On day eight of the George Floyd murder trial, Jody Stiger, a tactical trainer in the Los Angeles Police Department, told the court Derek Chauvin and his colleagues shouldn't have used any force once the 46-year-old was on his stomach, in handcuffs.
The police officer accused of murdering George Floyd used inappropriate "deadly force" when kneeling on his neck for more than nine minutes, an expert has told a court in Minneapolis.
Jody Stiger, a use-of-force specialist testifying for the prosecution, was questioned at the trial of Derek Chauvin on Wednesday, the white officer seen in phone footage kneeling on Floyd, who was Black.
The harrowing images of Floyd's arrest in May 2020 touched off protests against racial injustice and police brutality in the United States and around the world.
Stiger, a Los Angeles police officer, said that Chauvin's actions were "deadly force" because Floyd "was in the prone position."
"And the pressure... being caused by (Chauvin's) body weight could cause positional asphyxia, which could cause death," Stiger said, after being shown pictures of the scene.
Asked how much force was reasonable when Floyd was lying on his front, handcuffed and not resisting, Stiger said "no force should have been used once he was in that position."
"An officer is only allowed to use a level of force that is proportional to the seriousness of the crime, or the level of resistance," he said.
Defense attorney Eric Nelson asked Stiger if use-of-force sometimes "looks bad, but it's still lawful."
Stiger agreed, saying "yes, based on that department's policies or based on that state's law."
Prosecutors are seeking to prove that Floyd's death was due to asphyxiation, while Chauvin's defence claims it was due to illegal drugs in Floyd's system.
'Trained to avoid the neck'
Stiger said video footage suggested that the small crowd gathered at the site was not a hostile threat or a distraction for the officers, challenging one apparent defence strategy to explain Chauvin's actions.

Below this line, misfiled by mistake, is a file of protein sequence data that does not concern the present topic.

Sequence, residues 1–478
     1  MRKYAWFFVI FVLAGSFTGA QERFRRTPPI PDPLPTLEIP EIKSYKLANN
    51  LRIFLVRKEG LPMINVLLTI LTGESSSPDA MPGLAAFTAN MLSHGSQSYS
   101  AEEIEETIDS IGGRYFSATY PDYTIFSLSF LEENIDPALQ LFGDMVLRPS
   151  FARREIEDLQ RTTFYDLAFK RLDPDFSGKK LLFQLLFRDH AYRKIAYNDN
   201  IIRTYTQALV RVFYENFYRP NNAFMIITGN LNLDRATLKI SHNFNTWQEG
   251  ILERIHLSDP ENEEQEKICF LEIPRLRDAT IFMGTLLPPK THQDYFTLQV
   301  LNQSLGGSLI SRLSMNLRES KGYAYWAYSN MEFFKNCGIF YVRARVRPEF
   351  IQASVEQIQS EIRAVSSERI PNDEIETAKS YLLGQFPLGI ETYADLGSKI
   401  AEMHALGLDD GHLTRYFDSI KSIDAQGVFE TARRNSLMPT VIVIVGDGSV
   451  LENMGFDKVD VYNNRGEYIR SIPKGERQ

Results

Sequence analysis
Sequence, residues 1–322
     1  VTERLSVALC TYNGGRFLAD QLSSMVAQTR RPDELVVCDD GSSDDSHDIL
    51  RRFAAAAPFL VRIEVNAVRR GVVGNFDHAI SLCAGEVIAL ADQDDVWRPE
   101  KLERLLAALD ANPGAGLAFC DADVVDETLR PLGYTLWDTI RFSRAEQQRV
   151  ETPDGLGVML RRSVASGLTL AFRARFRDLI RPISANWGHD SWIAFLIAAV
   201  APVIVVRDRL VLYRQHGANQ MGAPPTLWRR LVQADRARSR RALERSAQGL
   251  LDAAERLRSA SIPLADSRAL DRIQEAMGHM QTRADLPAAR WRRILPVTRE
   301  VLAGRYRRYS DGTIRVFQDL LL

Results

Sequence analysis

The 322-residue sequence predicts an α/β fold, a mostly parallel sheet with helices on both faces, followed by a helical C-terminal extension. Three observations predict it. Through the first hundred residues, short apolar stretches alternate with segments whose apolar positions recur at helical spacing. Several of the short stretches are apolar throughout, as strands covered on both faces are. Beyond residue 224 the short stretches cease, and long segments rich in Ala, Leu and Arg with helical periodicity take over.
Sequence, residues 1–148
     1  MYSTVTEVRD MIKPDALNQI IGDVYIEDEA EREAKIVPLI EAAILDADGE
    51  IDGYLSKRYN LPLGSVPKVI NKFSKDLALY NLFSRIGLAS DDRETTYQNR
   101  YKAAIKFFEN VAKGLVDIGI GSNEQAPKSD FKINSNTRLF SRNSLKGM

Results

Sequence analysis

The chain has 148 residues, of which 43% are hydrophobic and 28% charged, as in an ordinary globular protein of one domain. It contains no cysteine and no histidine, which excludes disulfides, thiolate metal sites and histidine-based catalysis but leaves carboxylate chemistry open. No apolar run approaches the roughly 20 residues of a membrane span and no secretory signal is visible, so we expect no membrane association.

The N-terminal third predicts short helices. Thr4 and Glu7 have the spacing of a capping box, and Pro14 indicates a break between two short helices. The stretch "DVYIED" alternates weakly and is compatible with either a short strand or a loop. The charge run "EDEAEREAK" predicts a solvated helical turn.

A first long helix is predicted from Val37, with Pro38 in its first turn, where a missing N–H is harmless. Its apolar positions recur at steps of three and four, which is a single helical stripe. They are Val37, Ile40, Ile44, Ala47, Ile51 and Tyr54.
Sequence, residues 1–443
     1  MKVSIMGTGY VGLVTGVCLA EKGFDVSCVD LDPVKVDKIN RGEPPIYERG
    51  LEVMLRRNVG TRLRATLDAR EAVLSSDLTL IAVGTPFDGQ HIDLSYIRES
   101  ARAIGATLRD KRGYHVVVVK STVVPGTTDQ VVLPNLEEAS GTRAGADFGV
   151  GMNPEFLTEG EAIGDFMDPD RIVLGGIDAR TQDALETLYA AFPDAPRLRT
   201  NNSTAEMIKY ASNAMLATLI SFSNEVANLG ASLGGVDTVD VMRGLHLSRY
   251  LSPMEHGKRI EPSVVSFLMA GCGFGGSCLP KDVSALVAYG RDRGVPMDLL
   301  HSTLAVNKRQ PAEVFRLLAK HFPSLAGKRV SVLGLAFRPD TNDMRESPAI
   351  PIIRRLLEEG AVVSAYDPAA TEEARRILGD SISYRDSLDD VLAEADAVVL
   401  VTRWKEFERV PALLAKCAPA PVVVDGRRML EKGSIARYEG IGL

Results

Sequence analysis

He also testified that Chauvin squeezed Floyd's fingers and pulled his wrists using a technique to force people to comply to orders, but that Chauvin continued when Floyd offered no resistance.
And Stiger said police were trained to avoid the neck when handling people, and to always put them on their side or seated when handcuffed.
Another officer taking the stand Wednesday, James Reyerson, a lead investigator into the death, estimated that Chauvin weighed about 63 kilograms (140 lbs) and carried 13-18 kilograms (30-40 lbs) of equipment when he knelt on Floyd.
Minneapolis police chief Medaria Arradondo testified on Monday that Chauvin violated the department's training and its "values."
Chauvin, 45, who was sacked from the police force after the incident, has pleaded not guilty to charges of murder and manslaughter.
Floyd was arrested on suspicion of passing a counterfeit $20 bill in a nearby store.
A paramedic testified last week that Floyd, 46, was already dead when an ambulance arrived and that Chauvin was still kneeling on his neck.
No plea negotiations
Chauvin, who has been in court every day taking meticulous notes and consulting with his attorney, faces up to 40 years in prison if convicted of the most serious charge, second-degree murder.
Floyd's family gathered in Minneapolis for the trial have said they are braced for further gruelling evidence including images from the autopsy.
"We talk about different things that we might see in court," his brother Philonise Floyd told the local StarTribune.
"We know that autopsies are getting ready to show, so we're prepping each other."
Their lawyer Ben Crump said that he was not aware of any plea negotiations between the prosecution and Chauvin.
"The family wants him to be held accountable in the court of law to the full extent," Crump said.
Police officers are rarely convicted in the United States when charges are brought and a conviction on any of the counts against Chauvin will require the jury to return a unanimous verdict.
Three other former police officers involved in the arrest are to be tried separately later this year.